Sorry, you need to enable JavaScript to visit this website.

International Experience of US Pediatricians and Level of Comfort Caring for Immigrant Children and Children Traveling Internationally

Butteris SM, Leyenaar JK, Leslie LK, Turner AL, Batra M
Journal of Pediatrics
Key Words: 

To determine whether international experience is associated with greater comfort in providing care to US children who are immigrants, refugees, and traveling internationally.

Study Design
Following enrollment into the 2018 American Board of Pediatrics Maintenance of Certification program, general pediatricians and subspecialists received a voluntary, online survey with questions about their experience and self-reported comfort caring for immigrant, refugee, and internationally traveling children and previous international experiences. Using multivariable logistic regression, we examined how previous international experiences, and other personal characteristics, were associated with self-reported comfort.

A total of 5461 eligible participants completed the survey; 76.3%, (n = 4168) reported caring for immigrant children, 35.8% (n = 1957) cared for refugee children, and 79.8% (n = 4358) cared for children traveling internationally. High levels of comfort caring for immigrant children were reported by 68.5% (n = 3739), for refugee children by 50.1% (n = 2738), and for children traveling internationally by 72.7% (n = 3968). One-third of respondents (34.1%, n = 1866) reported past international experiences. In multivariable analysis, respondents with previous international experience and of Hispanic origin were significantly more likely to report high levels of comfort caring for all 3 populations.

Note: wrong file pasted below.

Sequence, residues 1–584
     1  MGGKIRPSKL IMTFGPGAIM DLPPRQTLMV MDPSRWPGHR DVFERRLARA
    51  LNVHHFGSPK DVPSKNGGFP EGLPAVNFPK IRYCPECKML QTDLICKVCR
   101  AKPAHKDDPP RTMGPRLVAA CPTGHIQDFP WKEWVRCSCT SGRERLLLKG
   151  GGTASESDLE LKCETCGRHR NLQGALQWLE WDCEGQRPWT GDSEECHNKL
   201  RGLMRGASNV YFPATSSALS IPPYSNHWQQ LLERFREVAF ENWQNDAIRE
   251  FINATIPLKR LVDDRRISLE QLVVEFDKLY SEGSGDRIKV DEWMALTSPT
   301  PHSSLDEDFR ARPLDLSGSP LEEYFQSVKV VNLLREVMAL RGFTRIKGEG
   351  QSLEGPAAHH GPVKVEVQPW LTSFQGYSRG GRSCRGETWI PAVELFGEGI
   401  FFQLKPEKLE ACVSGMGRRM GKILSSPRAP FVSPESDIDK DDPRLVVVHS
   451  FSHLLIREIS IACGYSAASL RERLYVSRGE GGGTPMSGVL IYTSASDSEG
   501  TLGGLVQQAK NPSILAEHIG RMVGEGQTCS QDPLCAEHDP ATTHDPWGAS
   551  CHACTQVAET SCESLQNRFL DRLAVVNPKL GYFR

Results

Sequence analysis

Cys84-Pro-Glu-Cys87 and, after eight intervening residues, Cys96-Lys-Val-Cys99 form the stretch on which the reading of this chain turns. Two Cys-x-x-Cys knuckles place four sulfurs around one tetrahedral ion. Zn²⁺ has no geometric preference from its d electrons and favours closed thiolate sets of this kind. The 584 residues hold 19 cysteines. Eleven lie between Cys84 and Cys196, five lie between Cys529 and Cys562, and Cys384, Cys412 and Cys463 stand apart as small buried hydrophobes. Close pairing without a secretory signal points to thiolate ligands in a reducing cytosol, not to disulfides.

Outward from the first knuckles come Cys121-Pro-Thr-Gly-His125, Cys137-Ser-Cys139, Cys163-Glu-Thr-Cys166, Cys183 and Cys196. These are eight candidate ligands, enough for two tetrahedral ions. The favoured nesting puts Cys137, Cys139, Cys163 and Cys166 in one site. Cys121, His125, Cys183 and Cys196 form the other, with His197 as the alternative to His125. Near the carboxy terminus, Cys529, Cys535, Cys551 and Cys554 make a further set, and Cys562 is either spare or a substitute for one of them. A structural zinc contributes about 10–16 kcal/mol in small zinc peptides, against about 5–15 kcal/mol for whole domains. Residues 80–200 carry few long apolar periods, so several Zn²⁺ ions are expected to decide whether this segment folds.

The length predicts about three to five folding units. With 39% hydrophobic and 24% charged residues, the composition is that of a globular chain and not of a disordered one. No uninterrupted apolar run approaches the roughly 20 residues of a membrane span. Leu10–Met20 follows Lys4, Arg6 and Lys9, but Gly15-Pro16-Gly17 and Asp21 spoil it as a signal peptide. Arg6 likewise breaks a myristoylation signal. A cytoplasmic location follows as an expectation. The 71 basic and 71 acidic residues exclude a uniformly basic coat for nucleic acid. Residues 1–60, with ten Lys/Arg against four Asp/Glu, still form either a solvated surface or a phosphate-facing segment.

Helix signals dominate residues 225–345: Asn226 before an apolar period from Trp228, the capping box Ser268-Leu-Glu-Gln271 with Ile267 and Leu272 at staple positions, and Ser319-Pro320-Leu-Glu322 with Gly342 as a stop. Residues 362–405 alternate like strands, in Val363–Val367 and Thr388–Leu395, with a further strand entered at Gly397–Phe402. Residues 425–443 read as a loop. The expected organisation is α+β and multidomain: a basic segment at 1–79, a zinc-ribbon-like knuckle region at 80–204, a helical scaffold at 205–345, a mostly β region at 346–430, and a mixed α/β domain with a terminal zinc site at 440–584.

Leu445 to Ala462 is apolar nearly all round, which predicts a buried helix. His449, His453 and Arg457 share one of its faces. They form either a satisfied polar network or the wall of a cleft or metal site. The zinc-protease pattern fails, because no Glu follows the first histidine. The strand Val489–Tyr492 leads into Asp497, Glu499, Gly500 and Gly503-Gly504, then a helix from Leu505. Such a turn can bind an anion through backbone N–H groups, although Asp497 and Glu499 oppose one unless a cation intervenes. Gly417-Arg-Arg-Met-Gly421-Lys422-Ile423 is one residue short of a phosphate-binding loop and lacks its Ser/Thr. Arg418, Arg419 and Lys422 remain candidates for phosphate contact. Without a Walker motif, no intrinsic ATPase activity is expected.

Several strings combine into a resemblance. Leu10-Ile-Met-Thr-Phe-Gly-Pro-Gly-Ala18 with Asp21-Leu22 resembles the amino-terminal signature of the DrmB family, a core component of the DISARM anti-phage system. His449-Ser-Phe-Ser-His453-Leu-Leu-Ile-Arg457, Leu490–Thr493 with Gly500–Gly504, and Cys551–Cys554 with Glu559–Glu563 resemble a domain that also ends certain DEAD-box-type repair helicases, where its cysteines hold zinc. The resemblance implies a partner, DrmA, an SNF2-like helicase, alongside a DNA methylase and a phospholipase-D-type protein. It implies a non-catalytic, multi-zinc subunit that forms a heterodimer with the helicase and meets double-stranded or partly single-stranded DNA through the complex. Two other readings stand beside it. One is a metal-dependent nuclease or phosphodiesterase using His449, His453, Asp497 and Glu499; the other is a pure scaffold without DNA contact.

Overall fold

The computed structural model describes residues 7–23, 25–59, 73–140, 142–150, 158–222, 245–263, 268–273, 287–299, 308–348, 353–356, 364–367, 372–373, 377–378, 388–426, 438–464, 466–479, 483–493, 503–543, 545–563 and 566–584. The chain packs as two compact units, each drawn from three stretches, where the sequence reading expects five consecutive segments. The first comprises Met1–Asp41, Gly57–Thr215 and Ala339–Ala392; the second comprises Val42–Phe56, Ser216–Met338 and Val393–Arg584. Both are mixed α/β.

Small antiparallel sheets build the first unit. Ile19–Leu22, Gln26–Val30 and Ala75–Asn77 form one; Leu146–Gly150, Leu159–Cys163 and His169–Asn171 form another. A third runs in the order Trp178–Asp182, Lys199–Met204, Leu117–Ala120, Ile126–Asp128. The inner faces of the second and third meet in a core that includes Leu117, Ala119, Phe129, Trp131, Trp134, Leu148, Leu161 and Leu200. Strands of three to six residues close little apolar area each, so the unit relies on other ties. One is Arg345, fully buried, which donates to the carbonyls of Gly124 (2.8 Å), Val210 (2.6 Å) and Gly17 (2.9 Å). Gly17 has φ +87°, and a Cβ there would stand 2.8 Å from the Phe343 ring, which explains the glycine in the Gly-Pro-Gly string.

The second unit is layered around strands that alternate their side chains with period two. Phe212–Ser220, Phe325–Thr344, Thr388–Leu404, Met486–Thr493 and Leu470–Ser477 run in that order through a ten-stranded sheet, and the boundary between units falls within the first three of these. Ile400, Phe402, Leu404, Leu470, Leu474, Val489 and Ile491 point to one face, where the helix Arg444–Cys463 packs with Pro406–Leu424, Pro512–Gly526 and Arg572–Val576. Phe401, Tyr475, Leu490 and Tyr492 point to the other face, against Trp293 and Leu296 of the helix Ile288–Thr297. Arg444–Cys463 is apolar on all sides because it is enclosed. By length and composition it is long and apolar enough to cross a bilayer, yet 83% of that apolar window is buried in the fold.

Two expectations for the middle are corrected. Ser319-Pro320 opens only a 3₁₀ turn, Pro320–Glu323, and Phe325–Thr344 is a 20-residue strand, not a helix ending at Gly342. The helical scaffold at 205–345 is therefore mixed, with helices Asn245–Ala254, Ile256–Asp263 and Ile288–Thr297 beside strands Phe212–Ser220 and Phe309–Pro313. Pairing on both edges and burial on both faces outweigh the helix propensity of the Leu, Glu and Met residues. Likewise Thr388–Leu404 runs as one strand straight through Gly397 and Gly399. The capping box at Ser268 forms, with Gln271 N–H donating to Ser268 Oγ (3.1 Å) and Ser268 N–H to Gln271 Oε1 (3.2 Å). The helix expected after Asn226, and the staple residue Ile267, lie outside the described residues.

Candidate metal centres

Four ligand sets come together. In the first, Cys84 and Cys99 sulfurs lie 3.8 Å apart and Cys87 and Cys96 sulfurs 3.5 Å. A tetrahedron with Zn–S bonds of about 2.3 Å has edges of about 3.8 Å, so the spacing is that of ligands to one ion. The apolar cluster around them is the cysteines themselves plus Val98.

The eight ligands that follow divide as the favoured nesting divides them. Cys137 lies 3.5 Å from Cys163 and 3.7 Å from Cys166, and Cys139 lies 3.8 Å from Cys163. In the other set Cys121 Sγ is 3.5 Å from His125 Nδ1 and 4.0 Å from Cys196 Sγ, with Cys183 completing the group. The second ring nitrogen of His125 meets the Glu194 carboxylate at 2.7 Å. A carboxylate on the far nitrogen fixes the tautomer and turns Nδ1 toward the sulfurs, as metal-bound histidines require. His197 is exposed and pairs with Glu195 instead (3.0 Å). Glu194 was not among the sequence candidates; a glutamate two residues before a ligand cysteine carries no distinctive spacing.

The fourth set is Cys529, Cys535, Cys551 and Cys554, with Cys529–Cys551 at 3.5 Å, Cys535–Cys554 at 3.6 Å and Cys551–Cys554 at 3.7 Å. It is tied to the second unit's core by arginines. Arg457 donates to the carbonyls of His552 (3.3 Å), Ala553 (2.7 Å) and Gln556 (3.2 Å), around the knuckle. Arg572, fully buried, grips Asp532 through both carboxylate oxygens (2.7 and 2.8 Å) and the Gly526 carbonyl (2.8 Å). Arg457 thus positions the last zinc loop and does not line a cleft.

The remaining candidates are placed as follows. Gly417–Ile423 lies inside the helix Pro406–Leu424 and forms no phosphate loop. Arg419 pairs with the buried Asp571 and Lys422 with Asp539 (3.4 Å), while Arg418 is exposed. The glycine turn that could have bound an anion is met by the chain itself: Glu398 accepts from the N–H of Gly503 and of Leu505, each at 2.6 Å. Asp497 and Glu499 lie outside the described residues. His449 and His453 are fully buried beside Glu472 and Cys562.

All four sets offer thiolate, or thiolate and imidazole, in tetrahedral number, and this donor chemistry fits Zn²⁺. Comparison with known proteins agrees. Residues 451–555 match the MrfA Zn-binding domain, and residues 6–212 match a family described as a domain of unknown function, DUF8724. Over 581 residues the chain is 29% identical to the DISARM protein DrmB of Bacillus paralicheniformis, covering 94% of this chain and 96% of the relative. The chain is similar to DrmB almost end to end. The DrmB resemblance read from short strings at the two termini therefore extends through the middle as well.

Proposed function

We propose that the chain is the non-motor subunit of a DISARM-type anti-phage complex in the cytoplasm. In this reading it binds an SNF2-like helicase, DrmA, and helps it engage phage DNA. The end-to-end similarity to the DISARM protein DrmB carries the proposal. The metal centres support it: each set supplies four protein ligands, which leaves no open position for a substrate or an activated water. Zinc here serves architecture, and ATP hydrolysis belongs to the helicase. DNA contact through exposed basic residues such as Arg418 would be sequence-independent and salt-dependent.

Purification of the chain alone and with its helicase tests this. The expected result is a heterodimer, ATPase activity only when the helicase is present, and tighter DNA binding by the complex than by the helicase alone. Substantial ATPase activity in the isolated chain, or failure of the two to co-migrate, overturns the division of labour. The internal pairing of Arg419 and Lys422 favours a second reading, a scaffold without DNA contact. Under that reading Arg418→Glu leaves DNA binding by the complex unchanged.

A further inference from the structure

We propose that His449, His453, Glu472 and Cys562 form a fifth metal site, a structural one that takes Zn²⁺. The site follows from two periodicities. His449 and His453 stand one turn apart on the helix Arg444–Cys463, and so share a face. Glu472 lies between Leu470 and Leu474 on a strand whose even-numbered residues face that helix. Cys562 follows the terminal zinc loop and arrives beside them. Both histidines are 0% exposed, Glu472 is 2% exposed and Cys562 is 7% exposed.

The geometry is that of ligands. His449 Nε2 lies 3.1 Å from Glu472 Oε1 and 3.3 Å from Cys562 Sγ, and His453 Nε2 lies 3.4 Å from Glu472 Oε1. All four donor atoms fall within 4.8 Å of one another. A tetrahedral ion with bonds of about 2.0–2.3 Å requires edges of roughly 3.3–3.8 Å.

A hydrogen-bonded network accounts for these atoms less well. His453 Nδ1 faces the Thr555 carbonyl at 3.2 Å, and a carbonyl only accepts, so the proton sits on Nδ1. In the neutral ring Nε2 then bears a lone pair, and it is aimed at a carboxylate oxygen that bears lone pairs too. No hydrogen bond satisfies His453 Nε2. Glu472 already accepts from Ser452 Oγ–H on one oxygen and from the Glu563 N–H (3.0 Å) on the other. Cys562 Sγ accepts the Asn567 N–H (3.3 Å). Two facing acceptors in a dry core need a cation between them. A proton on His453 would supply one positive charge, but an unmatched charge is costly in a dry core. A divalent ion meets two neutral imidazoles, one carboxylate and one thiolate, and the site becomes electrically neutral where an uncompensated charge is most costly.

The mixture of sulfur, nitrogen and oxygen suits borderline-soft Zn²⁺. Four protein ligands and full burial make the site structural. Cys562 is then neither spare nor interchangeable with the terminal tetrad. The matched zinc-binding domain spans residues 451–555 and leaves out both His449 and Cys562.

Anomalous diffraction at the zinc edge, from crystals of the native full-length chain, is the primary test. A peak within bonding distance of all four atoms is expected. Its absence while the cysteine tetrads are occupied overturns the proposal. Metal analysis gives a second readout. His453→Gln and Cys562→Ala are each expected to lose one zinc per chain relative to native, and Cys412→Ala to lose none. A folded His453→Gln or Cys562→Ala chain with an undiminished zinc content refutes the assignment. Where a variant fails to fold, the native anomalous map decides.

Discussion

The majority of pediatricians report caring for children in the US who are immigrants, refugees, and traveling internationally, and previous international experience was associated with greater comfort with care. Training programs and professional organizations should consider ways to encourage a more diverse workforce and to support all pediatricians in achieving the skills and confidence required to care for children in our highly mobilized society.